This is a big year for one of our finest directors. He is known to many as "The Master of Suspense". But two new films find that Alfred Hitchcock wasn't just a director, but also loved a certain type of woman despite the fact that he's married to someone very faithful to him.
Currently in theaters is the story of how Hitchcock made one of his all time famous films. In "Hitchcock" (PG-13) we have Anthony Hopkins playing the title role. He does have the looks and mannerisms to a tea. We find he's hitched to Alma (Helen Mirren), who tells her husband he should watch what he eats and drinks while assisting on his films.
Coming off the smash hit "North By Northwest", Hitchcock looks for his next project and finds it in a novel based on a real life incident involving a man named Ed Gein. The project is "Psycho", written by Robert Bloch and Hitchcock desires it as the next film of his glorious career. But there are plenty of risks involved which include possible nudity and a very violent death, which the ratings board finds very leery.
Fighting over his plans with his current employer, Paramount Studios, Hitchcock takes a risk by financing the movie himself, sacrificing his house in the process. The film looks at a project's planning stages; from the hiring of actors to putting the elements of the film together. For the pivotal role of the movie's victim, Hitchcock finds a budding leading lady in Janet Leigh (Scarlett Johansson) who seems smitten by the charms of the director.
Meanwhile, Alma is in a friendship with writer Whitfield Cook (Danny Huston). This has Hitchcock in a little tizzy as he observes the two in a conversation which ensues in having Alma and Whitfield traveling to Whitfield's beach hideaway. Now the relationship is just one of friendship, but Hitchcock doesn't see it that way while perfecting scenes with his leading lady and locking horns with the ratings board. as well as the studio head.
Based on a book about the making of "Psycho", screenwriter John J. McGlaughlin captures how a film develops scene by scene, as well as diving into the mind of a perfectionist director. Director Sasha Gervasi does create some tension between the relationship of Hitchcock and Alma, turning itself into a little suspense movie. We get a bit of Hitch's womanizing, but not too much and I wished the script would have delved into it a bit more.
Nonetheless the acting is grand to watch. Hopkins has a ball immersing into being Alfred Hitchcock while Helen Mirren holds her own quite well. The two play off each other in a winning fashion, making the film fun to watch. But the movie also has winning performances from Johansson as the attractive Janet Leigh, Huston as a wily writer, Jessica Biel in a small but potent role as co-star Vera Miles, James D'Arcy being a dead ringer for Anthony Perkins, and Toni Collete as Hitch's secretary, Peggy.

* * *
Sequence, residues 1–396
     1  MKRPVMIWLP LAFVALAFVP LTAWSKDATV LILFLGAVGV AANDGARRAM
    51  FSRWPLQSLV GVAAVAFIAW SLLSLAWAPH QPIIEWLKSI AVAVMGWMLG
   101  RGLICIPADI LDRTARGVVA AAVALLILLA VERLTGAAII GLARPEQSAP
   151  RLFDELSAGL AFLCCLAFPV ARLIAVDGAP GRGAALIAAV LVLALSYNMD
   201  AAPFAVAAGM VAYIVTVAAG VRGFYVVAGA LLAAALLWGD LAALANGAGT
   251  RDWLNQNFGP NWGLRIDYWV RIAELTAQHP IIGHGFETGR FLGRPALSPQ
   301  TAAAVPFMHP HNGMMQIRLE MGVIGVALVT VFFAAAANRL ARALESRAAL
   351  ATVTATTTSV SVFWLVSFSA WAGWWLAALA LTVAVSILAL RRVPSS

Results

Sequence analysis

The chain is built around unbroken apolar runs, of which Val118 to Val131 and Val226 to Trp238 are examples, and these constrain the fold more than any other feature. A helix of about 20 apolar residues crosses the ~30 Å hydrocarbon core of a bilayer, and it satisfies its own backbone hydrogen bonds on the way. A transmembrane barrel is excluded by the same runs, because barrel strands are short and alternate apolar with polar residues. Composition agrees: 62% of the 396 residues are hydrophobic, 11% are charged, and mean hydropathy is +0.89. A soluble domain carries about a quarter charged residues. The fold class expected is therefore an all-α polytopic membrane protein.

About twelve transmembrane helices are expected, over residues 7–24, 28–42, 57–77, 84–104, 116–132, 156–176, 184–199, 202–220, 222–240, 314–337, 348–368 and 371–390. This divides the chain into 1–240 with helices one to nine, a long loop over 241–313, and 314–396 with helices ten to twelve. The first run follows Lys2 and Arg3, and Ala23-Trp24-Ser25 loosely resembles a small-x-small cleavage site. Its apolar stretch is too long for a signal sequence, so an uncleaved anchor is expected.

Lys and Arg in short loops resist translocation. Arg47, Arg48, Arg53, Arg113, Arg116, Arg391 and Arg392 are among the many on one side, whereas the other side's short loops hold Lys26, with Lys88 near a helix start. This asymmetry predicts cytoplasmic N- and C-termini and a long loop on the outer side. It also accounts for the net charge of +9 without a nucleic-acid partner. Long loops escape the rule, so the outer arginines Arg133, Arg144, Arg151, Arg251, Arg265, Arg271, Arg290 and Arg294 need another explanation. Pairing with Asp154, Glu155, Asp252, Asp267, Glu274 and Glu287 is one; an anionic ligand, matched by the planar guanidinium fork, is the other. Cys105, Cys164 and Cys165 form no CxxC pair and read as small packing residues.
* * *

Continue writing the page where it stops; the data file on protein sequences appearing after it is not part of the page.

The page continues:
Also having fun is Danny Elfman's score which incorporate's Hitch's theme perfectly. The camerawork and editing are also very good as this film flows on an even keel.
My friends thought it should have been more going on than concentrating of "Psycho", with one of them wanting to expand Hitch's other films. But what I got from "Hitchcock" was what I expected, but I wish there were a little more. In fact, the other film about Hitchcock does give us more of an insight showing how he's infatuated with blondes.
"The Girl" (TV-14), a HBO film released about a month and a half before "Hitchcock" came out tells the tale of Hitchcock (Played here by Toby Jones) becoming very passionate with a Swedish model turned actress name Tippi Hedren (Sienna Miller). In fact, he became so interested in her that she became the leading lady for Hitch's' next movie, "The Birds".
The film dives into the making of not just "The Birds", but Tippi's other film she made with Hitchcock, "Marnie". Yet, this movie is more of a horror story in itself as Hitchcock becomes too close to Tippi, he thinks she the next big star. Despite being groomed by Hitch's wife Alma (played here by Imelda Staunton), and his secretary Peggy (Here played by Penelope Wilton), Tippi becomes afraid of her director, even more so when he uses real birds for a scene in the attic. It's then Tippi questions her wish for acting, as well as even finishing the film.
Written by Gwyneth Hughes, based on a book by Donald Spato, and directed by Julian Jarrold the film does have some pleasures. I thought Toby Jones, while not quite capturing the physical aspects of the director, managed to get the voice infliction correct. It is a joy to listen to. As for Ms. Miller, she's not too bad here, but it seems the script makes her look like a victim in a horror movie more than the actress she's essaying.
Staunton does fine work as Alma who seems to truly question more about Hitch's motives with Tippi, yet her role is more in the background here than in 'Hitchcock". Wilton also does a yeoman's job as Peggy.
Lensing is terrific as is the editing and music. Yet, I wanted more again as this film is a little too short for its own good.
Perhaps it's best you view both "Psycho" and "The Birds" to see why Hitchcock is a great master of his genre, but both "Hitchcock" and "The Girl" do deliver some insights into the noted director even though I wanted a bit more into the man.
Final Grades: "Hitchcock" gets a B Plus
"The Girl" gets a B